After one of the coldest winters in Ottawa history, I find myself hungering for the sensory-rich experiences of summer. In my mind’s eye, I can hear the crunch of a green bean fresh from the garden, taste the warm juices of a sun-kissed tomato and see the golden, cheery face of a sunflower turned skyward.
But as much as I long to pack my mittens away, I’m reluctant to do it just yet, for fear that winter has one last mean-spirited trick to play on the nation’s capital. So what’s a mom to do if Mother Nature insists on dragging her feet this spring – and delays the start of gardening season?
This year, I’m taking matters into my own hands by growing plant seeds indoors. Not only is it a fun and inexpensive project to take on with the kids, it will also give the summer garden a major jumpstart.
For about $30, I picked up all the essentials for our indoor gardening project at the neighbourhood hardware store. Here’s a list of the basics to get started:
Since they’re biodegradable, peat pots can be planted directly into the ground with no waste. You can purchase a pack of individual pots or choose a tray of “cell pots” that can be broken apart when you’re ready to move them to the garden. I went for the Jiffy 32-Cell Seed Starter Tray, which was $6.99 at my local Canadian Tire.
Seed starting potting mix
Recommended for germinating vegetable, flower and herb seeds, most seed starters contain a blend of sphagnum peat and perlite. I picked up the 8.8 L bag of Miracle-Gro Seed Starter for $6.99, which is also enriched with plant food, and had more than enough to fill my 32 cell pots.
Experts advise against using outdoor garden soil, as it can introduce disease causing organisms to your indoor pots.
To keep young children engaged, select fruit, vegetable or flower seeds that germinate quickly. Big seeds contain more energy than smaller seeds and tend to sprout fastest – in 10 days or less. Flower seeds worth trying include sunflowers, gloriosa daisies and marigolds. For fruits and vegetables, try watermelon, squash, beans or tomatoes. Pumpkins are another fun choice for kids – they can look forward to carving a homegrown Jack-o-lantern next Halloween! Most seed packets cost $3 or less.
A growing understanding of plant life
Ready to roll up your sleeves and tackle an indoor gardening project with the kids? While you’re getting dirt under your fingernails, take time to discuss some of the concepts behind plant growth. Guide your children through some fun, educational exercises, such as:
Using a notebook to record observations of plants as they grow (hint: the dollar store always has cute notebooks with floral covers!)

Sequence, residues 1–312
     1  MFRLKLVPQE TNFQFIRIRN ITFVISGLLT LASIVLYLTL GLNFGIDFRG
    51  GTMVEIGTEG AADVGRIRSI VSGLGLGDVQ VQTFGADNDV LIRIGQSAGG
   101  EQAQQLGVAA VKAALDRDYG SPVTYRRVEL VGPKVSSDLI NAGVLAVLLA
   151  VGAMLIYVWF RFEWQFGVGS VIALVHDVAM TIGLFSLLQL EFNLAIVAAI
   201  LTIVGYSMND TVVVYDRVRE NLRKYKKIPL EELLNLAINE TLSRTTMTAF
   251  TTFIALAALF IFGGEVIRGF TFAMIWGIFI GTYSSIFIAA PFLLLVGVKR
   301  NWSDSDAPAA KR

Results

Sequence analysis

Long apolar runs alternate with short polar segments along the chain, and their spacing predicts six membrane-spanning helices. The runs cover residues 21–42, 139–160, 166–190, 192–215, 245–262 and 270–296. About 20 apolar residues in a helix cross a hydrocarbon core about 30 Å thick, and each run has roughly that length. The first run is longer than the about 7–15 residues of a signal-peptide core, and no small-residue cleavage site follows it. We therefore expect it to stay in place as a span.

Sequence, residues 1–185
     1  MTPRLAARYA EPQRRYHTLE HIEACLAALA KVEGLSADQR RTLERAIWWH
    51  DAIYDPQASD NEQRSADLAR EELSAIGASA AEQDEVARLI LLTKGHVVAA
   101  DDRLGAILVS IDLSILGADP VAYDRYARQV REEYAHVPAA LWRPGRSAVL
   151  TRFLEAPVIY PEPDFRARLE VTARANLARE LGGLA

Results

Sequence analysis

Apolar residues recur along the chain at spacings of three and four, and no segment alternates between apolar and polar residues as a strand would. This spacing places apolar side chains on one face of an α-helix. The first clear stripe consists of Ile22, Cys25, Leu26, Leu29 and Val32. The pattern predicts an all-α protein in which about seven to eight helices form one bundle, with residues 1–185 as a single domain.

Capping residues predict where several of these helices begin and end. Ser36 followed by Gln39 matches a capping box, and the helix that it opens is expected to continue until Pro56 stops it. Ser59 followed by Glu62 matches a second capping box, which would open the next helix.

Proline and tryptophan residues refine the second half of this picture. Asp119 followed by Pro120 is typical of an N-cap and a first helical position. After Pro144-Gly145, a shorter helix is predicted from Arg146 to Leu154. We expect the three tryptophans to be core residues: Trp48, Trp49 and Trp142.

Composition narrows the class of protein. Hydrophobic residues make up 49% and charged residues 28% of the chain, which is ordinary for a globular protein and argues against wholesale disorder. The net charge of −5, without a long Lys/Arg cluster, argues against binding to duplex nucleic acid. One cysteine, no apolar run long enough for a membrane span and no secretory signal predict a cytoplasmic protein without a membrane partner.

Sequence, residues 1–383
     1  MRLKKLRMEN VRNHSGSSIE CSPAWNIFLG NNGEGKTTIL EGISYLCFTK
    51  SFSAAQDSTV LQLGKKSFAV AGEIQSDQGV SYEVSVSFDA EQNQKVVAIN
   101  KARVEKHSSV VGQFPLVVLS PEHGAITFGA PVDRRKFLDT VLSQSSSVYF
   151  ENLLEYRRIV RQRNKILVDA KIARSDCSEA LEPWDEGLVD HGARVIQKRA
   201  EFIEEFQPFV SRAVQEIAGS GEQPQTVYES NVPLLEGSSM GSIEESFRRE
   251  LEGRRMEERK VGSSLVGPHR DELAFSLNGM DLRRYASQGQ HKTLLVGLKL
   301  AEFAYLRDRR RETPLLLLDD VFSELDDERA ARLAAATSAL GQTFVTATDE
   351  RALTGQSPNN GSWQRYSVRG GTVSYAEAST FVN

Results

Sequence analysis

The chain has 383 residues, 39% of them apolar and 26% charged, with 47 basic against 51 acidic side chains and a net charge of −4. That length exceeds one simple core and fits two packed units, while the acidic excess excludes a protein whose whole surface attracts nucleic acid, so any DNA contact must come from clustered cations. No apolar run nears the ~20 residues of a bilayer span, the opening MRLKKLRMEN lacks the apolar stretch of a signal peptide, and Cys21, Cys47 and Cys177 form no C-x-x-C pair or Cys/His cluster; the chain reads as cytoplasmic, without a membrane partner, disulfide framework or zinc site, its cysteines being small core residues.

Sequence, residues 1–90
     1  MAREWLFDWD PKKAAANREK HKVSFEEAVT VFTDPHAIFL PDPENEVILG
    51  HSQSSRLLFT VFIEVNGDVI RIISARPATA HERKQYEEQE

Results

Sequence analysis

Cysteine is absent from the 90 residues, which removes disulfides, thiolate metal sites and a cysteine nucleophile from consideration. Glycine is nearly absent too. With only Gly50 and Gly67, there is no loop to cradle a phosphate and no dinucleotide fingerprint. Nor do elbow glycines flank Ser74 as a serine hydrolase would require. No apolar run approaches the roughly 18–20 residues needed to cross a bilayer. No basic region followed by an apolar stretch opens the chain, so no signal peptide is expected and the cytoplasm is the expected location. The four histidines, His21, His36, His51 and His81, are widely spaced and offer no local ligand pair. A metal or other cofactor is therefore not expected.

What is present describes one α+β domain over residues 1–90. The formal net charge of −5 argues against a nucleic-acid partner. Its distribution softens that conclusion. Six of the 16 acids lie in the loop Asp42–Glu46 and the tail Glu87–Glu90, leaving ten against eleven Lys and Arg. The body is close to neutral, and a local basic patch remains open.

Making a list of what plants need in order to be healthy, and discussing how plants require an array of different growing conditions.
Helping younger children to draw and identify the different parts of a plant, or explaining the process of photosynthesis to an older child.
Planning the layout of your outdoor garden, and making/labelling plant markers to distinguish between outdoor plants.
Looking through recipe books and discussing how homegrown fruits, vegetables or herbs could be incorporated into a special dish.
Consider picking up a cheap, disposable tablecloth from the dollar store to drape your table before setting up for planting. Little hands aren’t always steady when handling dirt and water, so plan for a mess!
Spoons or a small trowel
When the kids and I planted our seeds, my gardening tools were hard to access (I wasn’t keen on shovelling out the front of the garden shed just to access my trowel!).
A simple spoon will do the trick nicely, especially when you’re filling small peat pots.
A bottle or small pitcher with a spout will make it easier for your mini green thumbs to distribute drinks to their freshly-planted seeds.
- Using spoons, fill your peat pots approximately half full with potting mix.
- Drop in seeds; one per small pot, or several if using larger containers.
- Spoon more potting mix over seeds, packing mix down gently with the spoon.
- Water each peat pot well; use enough water to begin to saturate the outside walls of the peat pot.
- Place in a warm spot, exposed to direct sunlight.
- Check up on your seeds regularly, and be sure to keep soil consistently moist.
Ready, set … plant!
Wondering when to move your growing plants into the great outdoors? In Canada, gardeners look to their region’s average frost dates when planning their growing season. According to the Ontario Ministry of Agriculture, Food and Rural Affairs, the average date of the last spring frost in Ottawa is May 11. While Mother Nature makes no guarantee that there won’t be another frost after that date, the risk of frost drops dramatically about two weeks later – which is why the May long weekend is such a busy time at greenhouses and garden centres!
Photo: depositphotos.com © Perfect_Lazybones
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